Italian seafarers legislation complying with principles of EU law
>> The Italian Navigation Code of Italy set the maximum duration of fixed-term contracts of seafarers ar at one year. The code also required the start date and the duration of the contract to be specified, that every contract concluded for a period exceeding one year was converted into a contract of indefinite duration, and that, if several contracts were concluded for a fixed term or for specified voyages, the employment was considered to be continuous where no more than 60 days elapsed between two contracts.
The EU Framework Agreement (Directive 1999/70) lays down the general principles and minimum requirements relating to fixed-term work. Last year, the Court held in the Della Rocca case that the Framework Agreement did not apply to temporary workers (see, EU:C:2013:235).
In the present case, the referring court asked whether the Framework Agreement must be interpreted as meaning that it applied to workers, such as the appellants in the main proceedings, who were employed as seafarers under fixed-term employment contracts on ferries making sea crossings between two ports situated in the same Member State. If that was indeed the case, the referring Court asked whether the provisions of the Framework Agreement, in particular Clause 3(1) thereof, must be interpreted as precluding national legislation, such as that at issue in the main proceedings, which provided that fixed-term employment contracts had to indicate their duration, but not their termination date.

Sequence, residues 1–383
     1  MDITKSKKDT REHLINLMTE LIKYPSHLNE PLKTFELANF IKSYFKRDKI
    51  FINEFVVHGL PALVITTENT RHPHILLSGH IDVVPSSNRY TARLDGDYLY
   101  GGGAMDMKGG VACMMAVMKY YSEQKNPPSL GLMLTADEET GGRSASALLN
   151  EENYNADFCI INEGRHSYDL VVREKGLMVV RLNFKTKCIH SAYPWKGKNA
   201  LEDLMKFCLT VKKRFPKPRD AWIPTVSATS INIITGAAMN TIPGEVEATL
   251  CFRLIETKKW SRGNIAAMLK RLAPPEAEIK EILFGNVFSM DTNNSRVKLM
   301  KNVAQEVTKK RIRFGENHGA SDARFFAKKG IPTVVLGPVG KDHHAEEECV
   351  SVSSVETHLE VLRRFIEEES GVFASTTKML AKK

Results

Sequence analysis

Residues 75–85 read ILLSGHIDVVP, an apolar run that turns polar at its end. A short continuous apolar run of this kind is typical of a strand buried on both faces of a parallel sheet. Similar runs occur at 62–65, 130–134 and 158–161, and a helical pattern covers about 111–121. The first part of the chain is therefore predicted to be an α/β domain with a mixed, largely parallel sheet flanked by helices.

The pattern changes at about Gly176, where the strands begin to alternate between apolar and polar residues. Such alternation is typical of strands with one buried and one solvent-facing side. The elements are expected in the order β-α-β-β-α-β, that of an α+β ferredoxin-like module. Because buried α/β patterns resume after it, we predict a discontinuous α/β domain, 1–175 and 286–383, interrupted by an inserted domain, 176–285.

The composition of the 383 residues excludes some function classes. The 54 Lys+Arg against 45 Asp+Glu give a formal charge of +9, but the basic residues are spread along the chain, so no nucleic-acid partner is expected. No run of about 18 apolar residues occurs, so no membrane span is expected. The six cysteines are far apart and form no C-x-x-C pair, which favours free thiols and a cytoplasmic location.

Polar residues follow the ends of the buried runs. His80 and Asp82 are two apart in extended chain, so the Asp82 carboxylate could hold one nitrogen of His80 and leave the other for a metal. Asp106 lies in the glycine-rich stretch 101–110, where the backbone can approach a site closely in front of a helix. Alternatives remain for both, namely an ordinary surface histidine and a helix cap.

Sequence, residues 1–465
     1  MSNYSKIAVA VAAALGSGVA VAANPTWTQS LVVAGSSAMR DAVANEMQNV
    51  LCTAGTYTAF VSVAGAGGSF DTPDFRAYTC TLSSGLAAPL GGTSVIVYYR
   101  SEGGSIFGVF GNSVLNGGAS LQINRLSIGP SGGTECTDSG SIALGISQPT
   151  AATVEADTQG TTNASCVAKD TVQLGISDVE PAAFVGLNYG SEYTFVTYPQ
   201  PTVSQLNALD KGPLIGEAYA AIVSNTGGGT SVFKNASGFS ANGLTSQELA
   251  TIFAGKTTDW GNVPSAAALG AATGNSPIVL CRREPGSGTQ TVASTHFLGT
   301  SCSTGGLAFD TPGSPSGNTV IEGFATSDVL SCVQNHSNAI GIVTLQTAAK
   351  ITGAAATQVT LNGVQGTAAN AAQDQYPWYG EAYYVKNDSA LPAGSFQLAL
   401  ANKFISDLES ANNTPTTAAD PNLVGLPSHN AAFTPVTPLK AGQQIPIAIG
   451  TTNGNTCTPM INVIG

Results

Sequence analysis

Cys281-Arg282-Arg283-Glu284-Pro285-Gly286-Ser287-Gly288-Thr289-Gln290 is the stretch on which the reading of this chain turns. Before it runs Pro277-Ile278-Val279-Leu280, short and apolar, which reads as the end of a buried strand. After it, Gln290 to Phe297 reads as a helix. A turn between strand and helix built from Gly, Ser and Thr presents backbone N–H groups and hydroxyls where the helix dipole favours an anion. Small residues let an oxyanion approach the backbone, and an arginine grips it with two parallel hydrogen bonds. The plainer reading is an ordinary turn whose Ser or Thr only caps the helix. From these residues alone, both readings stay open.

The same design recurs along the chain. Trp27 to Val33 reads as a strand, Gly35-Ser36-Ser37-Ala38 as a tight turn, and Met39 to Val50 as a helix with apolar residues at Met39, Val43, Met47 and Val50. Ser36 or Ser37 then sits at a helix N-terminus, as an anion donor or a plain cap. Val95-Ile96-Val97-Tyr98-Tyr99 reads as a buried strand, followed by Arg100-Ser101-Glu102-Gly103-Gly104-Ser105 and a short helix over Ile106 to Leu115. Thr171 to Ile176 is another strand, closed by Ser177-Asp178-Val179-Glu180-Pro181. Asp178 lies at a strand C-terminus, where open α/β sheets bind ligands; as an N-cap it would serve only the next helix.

The Court of Justice first of all recalled that the Framework Agreement covers generally ‘fixed-term workers who had an employment contract or employment relationship as defined in law, collective agreements or practice in each Member State’ (Article 2 of the Framework Agreement, see also: Adeneler and Others, C-212/04, EU:C:2006:443; Della Rocca, C-290/12, EU:C:2013:235,; and Márquez Samohano, C-190/13, EU:C:2014:146). The Court held that e Framework Agreement applied to all workers providing remunerated services in the context of a fixed-term employment relationship linking them with their employer (Del Cerro Alonso, C-307/05, EU:C:2007:509; Gavieiro Gavieiro and Iglesias Torres, C‑444/09 and C‑456/09, EU:C:2010:819; and the order in Montoya Medina, C‑273/10, EU:C:2011:167).
The Court however added that the scope of the Framework Agreement was not unlimited, as the definition of the contracts and employment relationships to which it applied were not determined by that agreement or by EU law, but by national law and/or practice, so long as those concepts were not defined in a manner that resulted in the arbitrary exclusion of a category of persons from the benefit of the protection provided by the Framework Agreement (see Sibilio, C‑157/11, EU:C:2012:148). The Court reiterated that the agreement did not apply to temporary workers.